Connected MobilityCopyright: © RWTH Aachen | TME
Present trends in the automotive industry focus on connected mobility, therefore the interaction between the vehicle and the environment. Beside Comfort- and Safety- Functions there are also significant improvements of fuel consumption and emissions to achieve. Research and Development of modern powertrains, which communicates with the environment, are requires innovative methods and the involvement of environment data at an early stage of the Research Process.
Center for Mobile Propulsion
Through the available infrastructure of the Center for Mobile Propulsion and the Chair of Thermodynamics of Mobile Energy Conversion Systems of RWTH Aachen University, arises an optimal framework condition for Research the powertrain in an networked environment. An early and effectively testing of subcomponents from the powertrain is under reproducible conditions of the networked vehicle possible.
Connected vehicle and intelligent infrastructure offer a high potential for improvement of the powertrain efficiency. In the joint research project “Hy-Nets” a novel approach for realtime coupling of hybrid propulsions on a test bench to an environmental simulation of the vehicles incl. car2car communication is developed.
The goal of the project “Net-ECU” is to enable the use of connected vehicle information for complex engine control algorithms. Connected and predictive engine control units allow the optimization of fuel consumption and emission in real world driving conditions while improving drivability and transient behavior at the same time.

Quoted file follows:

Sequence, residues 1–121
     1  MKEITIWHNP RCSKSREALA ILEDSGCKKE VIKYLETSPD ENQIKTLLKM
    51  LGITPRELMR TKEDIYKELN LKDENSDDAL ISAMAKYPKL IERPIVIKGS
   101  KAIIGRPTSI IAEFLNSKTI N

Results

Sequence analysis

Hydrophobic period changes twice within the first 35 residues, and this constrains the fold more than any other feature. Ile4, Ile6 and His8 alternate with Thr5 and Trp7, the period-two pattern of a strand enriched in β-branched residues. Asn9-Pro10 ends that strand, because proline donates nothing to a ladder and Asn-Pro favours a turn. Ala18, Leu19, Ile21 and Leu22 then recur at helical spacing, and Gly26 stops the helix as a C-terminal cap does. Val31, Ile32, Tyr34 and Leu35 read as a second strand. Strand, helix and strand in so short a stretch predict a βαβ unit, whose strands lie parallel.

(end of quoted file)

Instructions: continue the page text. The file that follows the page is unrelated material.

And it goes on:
Fuel economy is a key aspect to reduce operating costs and improve efficiency of freight traffic, thus increasing truck competitiveness. Under the coordination of AVL, the main objective of the IMPERIUM project is to achieve fuel consumption reduction up to 20% (diesel and urea) whilst keeping the vehicle within the legal limits for pollutant emissions.
The follow-up project "STEP - Smart Traffic Eco Powertrain" aims to extend the promising approaches of the previous project "NET-ECU - Networked Engine Control" and to test these in real traffic situations. The previously developed OCT will be extended by additional interfaces for further sensors so that vehicles which are not equipped with V2X can also be detected by using radar, lidar and camera. In addition, the software will be extended so that additional traffic information sources can be used. The previously developed algorithms for reducing emissions will be supplemented in such a way, that energy requirements will also be reduced. These algorithms will then be transferred to electrified drive trains.